Thursday, March 19, 2015

Cleaning a gas Stove Top

I've found a few ideas off  Pinterest for cleaning a gas stove top with more natural products which claim to take the grease and burnt on grim right off.  I decided to put it to the test.  First off-- the stove top grates.  I found this idea from {Pinching your Pennies}.  
You'll need: gallon size or larger zip-lock bags and ammonia 


I put 2 grates in a 2.5 gallon bag with 4 Tbsp ammonia.  Seal the bag.  I put mine out in a old cardboard box in the garage to sit over night. (Remember that ammonia has strong vapors and can be an eye and skin irritant, so be careful when using it.)  Let the grates sit overnight.  



Wear protective gloves (I wore those cute turquoise gloves that usually you find in yellow).  You'll also need a green scrub pad like Scotch-Brite.   


Make sure you open your bag away from your face.  The fumes can be overwhelming.  The ammonia in the bag used to be yellow, now it's full of grate grime.  I rinsed the grates off in the sink out in my garage.  For the most part the grim rubbed right off.  I had to scrub on some of the tough spots.


I have some areas on my grates where the enamel has worn off, so those spots look black in the photo.  I'd say this method took off  90% of the grim without having to do heavy scrubbing.  I'll definitely try it again but will put one grate per bag (using the gallon size) instead of 2 in the large bag, just to see if that softens up the burnt on grim even more.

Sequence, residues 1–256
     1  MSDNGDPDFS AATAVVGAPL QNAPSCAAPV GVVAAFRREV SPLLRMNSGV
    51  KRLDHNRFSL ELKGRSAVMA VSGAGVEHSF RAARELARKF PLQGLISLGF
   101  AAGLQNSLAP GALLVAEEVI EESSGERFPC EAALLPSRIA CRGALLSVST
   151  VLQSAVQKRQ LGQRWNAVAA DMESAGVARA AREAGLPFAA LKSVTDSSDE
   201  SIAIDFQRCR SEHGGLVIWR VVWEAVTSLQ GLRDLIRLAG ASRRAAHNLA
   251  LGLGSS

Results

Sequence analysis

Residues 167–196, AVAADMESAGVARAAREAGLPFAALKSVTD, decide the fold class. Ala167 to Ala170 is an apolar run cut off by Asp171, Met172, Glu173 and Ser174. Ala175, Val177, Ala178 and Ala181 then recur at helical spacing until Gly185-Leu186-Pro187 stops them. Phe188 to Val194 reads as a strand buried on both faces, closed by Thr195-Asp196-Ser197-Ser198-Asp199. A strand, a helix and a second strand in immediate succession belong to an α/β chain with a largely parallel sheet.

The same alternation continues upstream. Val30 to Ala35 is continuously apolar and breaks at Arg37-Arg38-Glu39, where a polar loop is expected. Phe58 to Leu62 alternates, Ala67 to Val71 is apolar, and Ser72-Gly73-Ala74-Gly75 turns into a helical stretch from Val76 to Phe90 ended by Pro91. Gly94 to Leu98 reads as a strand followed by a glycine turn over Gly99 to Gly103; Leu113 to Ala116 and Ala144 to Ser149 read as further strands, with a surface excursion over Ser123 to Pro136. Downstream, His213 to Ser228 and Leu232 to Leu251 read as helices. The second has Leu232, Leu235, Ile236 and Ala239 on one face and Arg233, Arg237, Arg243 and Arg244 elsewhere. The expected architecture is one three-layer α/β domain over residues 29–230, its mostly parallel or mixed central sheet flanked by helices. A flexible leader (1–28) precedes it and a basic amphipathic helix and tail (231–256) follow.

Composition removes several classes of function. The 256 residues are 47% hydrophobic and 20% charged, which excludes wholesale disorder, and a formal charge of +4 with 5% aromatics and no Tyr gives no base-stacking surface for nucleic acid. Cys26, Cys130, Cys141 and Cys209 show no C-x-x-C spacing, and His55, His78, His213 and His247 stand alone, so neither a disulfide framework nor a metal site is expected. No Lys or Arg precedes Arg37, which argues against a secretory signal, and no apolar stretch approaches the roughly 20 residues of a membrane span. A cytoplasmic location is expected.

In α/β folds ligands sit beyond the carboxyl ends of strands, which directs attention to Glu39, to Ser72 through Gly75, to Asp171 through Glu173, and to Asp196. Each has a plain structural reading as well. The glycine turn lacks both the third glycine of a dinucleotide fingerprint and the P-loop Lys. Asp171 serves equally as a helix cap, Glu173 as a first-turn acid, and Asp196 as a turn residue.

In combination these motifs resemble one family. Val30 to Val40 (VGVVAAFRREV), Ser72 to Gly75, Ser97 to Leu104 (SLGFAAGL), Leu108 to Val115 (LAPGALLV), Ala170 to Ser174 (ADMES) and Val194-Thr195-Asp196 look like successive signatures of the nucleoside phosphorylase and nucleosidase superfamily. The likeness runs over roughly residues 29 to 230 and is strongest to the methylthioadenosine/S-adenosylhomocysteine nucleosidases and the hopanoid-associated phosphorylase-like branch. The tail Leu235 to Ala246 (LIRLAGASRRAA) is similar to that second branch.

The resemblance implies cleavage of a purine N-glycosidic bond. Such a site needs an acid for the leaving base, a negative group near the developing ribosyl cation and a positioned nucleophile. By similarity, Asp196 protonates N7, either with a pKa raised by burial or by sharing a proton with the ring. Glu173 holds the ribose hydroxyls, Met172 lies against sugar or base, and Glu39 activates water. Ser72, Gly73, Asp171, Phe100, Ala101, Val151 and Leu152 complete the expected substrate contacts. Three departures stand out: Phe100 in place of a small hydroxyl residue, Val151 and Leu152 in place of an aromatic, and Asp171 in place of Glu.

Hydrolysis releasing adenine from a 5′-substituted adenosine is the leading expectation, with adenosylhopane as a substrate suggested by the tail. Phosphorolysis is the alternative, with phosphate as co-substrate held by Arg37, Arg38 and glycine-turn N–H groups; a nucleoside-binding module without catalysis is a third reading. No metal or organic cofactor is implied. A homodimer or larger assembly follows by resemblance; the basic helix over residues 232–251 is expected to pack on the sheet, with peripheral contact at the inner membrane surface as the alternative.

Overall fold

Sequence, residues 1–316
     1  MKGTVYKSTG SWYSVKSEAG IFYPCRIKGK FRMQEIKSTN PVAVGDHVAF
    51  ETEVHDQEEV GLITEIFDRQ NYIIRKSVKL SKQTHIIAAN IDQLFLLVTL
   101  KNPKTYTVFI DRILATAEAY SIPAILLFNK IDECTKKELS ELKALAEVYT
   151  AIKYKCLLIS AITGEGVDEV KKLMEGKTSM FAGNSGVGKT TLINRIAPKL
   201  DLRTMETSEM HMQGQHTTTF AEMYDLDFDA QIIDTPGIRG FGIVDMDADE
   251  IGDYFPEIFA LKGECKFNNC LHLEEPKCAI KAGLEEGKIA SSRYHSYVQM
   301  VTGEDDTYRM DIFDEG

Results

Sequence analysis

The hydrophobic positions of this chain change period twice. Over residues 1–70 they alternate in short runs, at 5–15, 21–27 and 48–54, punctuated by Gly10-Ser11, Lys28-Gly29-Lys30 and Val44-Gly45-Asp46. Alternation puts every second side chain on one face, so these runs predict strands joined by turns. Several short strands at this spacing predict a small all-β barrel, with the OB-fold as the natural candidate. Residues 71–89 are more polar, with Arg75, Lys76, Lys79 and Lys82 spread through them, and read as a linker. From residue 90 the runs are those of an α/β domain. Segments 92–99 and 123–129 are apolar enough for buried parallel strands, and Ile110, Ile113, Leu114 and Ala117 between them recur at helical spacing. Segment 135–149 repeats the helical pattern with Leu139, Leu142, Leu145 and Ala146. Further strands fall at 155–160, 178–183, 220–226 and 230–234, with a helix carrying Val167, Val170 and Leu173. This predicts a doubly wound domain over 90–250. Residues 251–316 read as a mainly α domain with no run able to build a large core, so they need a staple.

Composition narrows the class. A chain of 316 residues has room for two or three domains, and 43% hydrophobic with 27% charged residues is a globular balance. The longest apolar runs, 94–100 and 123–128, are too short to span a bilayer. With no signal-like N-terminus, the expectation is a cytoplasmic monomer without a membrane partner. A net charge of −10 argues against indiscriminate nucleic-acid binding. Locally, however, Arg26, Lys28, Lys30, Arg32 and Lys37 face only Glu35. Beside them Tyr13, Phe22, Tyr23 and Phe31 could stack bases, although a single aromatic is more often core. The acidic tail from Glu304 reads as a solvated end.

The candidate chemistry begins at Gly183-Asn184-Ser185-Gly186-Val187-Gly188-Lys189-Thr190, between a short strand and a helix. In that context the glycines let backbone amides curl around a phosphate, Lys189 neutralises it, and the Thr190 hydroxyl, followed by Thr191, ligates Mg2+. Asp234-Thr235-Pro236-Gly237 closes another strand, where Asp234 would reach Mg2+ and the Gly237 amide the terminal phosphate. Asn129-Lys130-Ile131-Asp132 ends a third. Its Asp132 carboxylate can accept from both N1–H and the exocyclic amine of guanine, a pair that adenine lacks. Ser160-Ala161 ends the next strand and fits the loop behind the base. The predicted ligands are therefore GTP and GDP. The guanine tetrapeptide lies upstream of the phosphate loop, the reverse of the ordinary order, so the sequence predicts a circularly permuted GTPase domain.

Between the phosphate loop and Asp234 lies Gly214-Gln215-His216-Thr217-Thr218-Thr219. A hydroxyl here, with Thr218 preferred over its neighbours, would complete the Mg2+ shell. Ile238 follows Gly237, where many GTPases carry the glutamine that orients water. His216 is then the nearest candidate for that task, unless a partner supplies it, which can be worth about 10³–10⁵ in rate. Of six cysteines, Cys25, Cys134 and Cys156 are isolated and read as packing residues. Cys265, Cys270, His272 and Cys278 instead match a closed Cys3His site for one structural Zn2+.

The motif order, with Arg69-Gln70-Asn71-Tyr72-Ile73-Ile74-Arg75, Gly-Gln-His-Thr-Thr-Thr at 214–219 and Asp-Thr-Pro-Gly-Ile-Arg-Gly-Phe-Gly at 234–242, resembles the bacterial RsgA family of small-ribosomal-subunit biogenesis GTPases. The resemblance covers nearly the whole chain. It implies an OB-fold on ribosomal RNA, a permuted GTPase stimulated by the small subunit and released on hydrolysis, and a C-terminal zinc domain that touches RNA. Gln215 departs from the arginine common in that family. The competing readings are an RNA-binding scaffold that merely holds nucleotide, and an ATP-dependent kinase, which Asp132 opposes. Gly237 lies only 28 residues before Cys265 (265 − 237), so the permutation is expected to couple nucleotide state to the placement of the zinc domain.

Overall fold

Also, if you plan on using your stove top during that 24 hour period, don't do all for 4 grates at once. Just 2 at a time and then you can still cook on the other side.  (Kind of learned that one the hard way!) 

Next for the top itself.  You'll need: 
baking soda and hydrogen peroxide


I've seen a lot of cleaning ideas using these two at home products.  First, you just sprinkle on a little baking soda.


I probably wouldn't use as much as this next time.  Squeeze out your hydrogen peroxide on top of it until it forms a liquidy paste.  You don't want the baking soda to dry out, so make sure it is wet. 


Let it sit for 15 minutes, 30 if you have really dirty areas.  


First wipe off the baking soda with a paper towel.  Then scrub a little with your scrub pad.  Take a damp paper towel and wipe off any excess baking soda. 
Here is a before picture:

And after:


Over all- pretty good. (Again, this is a really old stove top so there are some black nicks.) I definitely didn't have to put in as much "elbow grease" to scrub off areas on the stove top or grates and both methods allowed me to get some of that baked on grim off- that I could almost never get cleaned. And all without as much effort!  


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